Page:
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Will Audit ‘Fall on Green’ Fest

Streit and Phelan Have Heated Debate at Oak Lawn Meeting

The Oak Lawn Village Board agreed at their meeting Tuesday night to approve a request made by Trustee Robert Streit (3rd) last month for a forensic audit of the Fall on the Green festival, but not without some heated exchanges between some of the trustees.

The vote for the audit passed 5-1, with Trustee Cynthia Trausch (1st) the only dissenting vote. She said afterward that the audit would be costly. {{more}}

ÒI fully support the motion but I fully reject the basis for it,” said Trustee Tom Phelan (6th).

The controversy began last month, when Mayor David Heilmann removed Phelan as chairman of the Special Events Committee and appointed Streit to replace him.

The committee oversees all local events, everything from movies on the village green to the 4th of July parade, and the Fall on the Green festival held each September.

Heilmann said at the time that he was supporting the audit because there were allegations that Phelan mismanaged Fall on the Green, an annual fest held every September. The village shares profits with Park Lawn, a non-profit agency that assists people with developmental disabilities.

Heilmann said he had been given reports that Phelan Òpersonally negotiated” contracts, handed out passes to the VIP tent to certain people and not others, and had given away free meal vouchers, drink tickets and passes to friends and allies.

Following the allegations made against Phelan and Trustee Alex Olejniczak (2nd), who was accused of asking for and getting more than his share of vouchers and tickets, the two trustees filed suit against Heilmann and Streit for alleged slander. Both claim that the request for the audit was done for political motives.

Streit said in a statement requesting the audit that Phelan Òapparently used the sponsor’s passes to reward political allies and to bully his opponents, including any trustees who questioned his actions.”

Since then, Streit stated that he has received information from other sources about several other questionable practices.

ÒI am shocked by the number of issues raised and questionable practices alleged, and I believe the board has a duty to act to determine the validity of these actions,” said Streit.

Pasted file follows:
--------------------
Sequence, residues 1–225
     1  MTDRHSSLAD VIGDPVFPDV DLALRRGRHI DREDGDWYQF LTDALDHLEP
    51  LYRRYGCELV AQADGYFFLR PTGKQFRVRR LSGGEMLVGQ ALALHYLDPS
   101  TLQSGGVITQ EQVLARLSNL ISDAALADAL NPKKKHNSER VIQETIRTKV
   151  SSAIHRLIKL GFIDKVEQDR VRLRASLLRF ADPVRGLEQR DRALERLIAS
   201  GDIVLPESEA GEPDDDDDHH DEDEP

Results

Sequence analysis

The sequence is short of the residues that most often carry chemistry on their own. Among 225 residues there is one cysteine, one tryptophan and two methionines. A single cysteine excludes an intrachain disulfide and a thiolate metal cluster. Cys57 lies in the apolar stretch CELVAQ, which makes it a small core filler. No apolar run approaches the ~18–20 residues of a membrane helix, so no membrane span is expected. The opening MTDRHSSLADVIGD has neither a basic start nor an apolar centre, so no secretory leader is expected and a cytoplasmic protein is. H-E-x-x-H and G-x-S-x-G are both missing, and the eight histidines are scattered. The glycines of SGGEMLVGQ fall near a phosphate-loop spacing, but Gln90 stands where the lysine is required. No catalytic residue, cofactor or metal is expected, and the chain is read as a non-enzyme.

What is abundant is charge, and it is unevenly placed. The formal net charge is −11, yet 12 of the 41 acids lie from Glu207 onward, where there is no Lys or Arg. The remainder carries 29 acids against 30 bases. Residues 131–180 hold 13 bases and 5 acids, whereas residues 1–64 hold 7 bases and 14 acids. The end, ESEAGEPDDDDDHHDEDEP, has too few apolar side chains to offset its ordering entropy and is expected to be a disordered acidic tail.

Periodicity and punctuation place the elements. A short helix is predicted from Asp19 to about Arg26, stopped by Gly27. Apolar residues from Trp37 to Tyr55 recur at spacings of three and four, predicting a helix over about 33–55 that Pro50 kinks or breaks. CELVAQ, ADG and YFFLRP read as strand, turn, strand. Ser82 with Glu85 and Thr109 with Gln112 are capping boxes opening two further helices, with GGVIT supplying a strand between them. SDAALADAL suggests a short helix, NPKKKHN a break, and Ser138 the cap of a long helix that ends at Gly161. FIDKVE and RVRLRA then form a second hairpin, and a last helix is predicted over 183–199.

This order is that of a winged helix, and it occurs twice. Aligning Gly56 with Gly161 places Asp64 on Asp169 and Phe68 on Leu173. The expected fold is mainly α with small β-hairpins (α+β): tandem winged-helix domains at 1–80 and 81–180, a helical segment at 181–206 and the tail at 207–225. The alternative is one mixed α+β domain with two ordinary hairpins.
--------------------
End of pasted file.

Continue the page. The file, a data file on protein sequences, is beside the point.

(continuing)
He maintained in his original press release that the forensic audit is necessary Òto review and correct operations directed by Phelan that allowed some liquor sales to deviate from the normal purchase, sale and accounting procedures.”

Streit said Tuesday the series of documents that Phelan provided to board members and the media to refute the claims of mismanagement Òraised more questions than answers.”

He said, for instance, that the list of sponsors and others who received complimentary drink tickets and meal vouchers does not exist in village records.

He also claimed that Phelan had tickets printed up separately, and the cost of the vouchers went up to $4,990 last year, as opposed to $1,440 in 2003. Streit claimed the vouchers and tickets were paid for out of public funds, which Phelan and Olejniczak pointed out was not the case. The funds came from sponsors, they said.

ÒI’d like three hours to address this garbage,” said Olejniczak. ÒThe practice of giving complimentary passes has been in place for four years, and not one taxpayer dollar has been used.

ÒIn the seven years I have sat here, I have seen a lot of things happen, but this is the worst,” he told Streit, who was sitting beside him.

Regarding claims made by Heilmann that Phelan negotiated contracts with bands performing at the festival, Phelan said at the meeting Tuesday that any negotiating he did consisted of asking the band what they charged, and then saying what the village could afford to pay.

ÒMy negotiation consisted of, ‘Mr. Band, how much do you charge? $3,000? Well, we can only afford to pay $1,500.'”

ÒI never signed any contracts. I passed everything on to the village manager or his predecessor.”

Also, he pointed out to Heilmann that his role as trustee does not preclude him from being involved in negotiations anyway.

The documentation Phelan provided includes a paper trail of e-mails showing how discussions went on between himself, Olejniczak and the Special Events staff as decisions were made about how many neighboring residents to offer the free tickets to.

He said the program expanded in scope to include residents of Oak Street, Raymond, and nearby streets who would be most affected by the noise, traffic and other effects of the festival.

But Phelan asserted that in the six years he has been involved, Fall on the Green has become a profitable venture for the village, and has raised more than $100,000 for Park Lawn.

ÒAll the allegations made against me have been proven false,” said Phelan, who suggested that the audit should be wide-ranging, and look at the management of all the community events.

ÒI think any audit should be narrowly focusedÉ I am not saying that what was done was illegal, or that it makes you a bad person,” Heilmann told Phelan at the meeting. ÒThe audit is needed in order to clear the matter up and move on.”

Also at the meeting, the board narrowly approved an agreement with Beverly Bank & Trust to sell a piece of village property in the TIF district on 95th Street, adjacent to the Village Hall, for $1.8 million.

A bank will be built there, and approximately 3,000 sq. ft. of the property will be leased back to the village for a new senior center.

Because all the details have not been ironed out yet, Olejniczak, Phelan and Trustee Thomas Duhig (5th) said they would vote against it, and Heilmann voted in favor of it to break the tie.

Proponents said there will be time to decide the lease agreement and other issues but the project had to be given the go-ahead to get the process moving.

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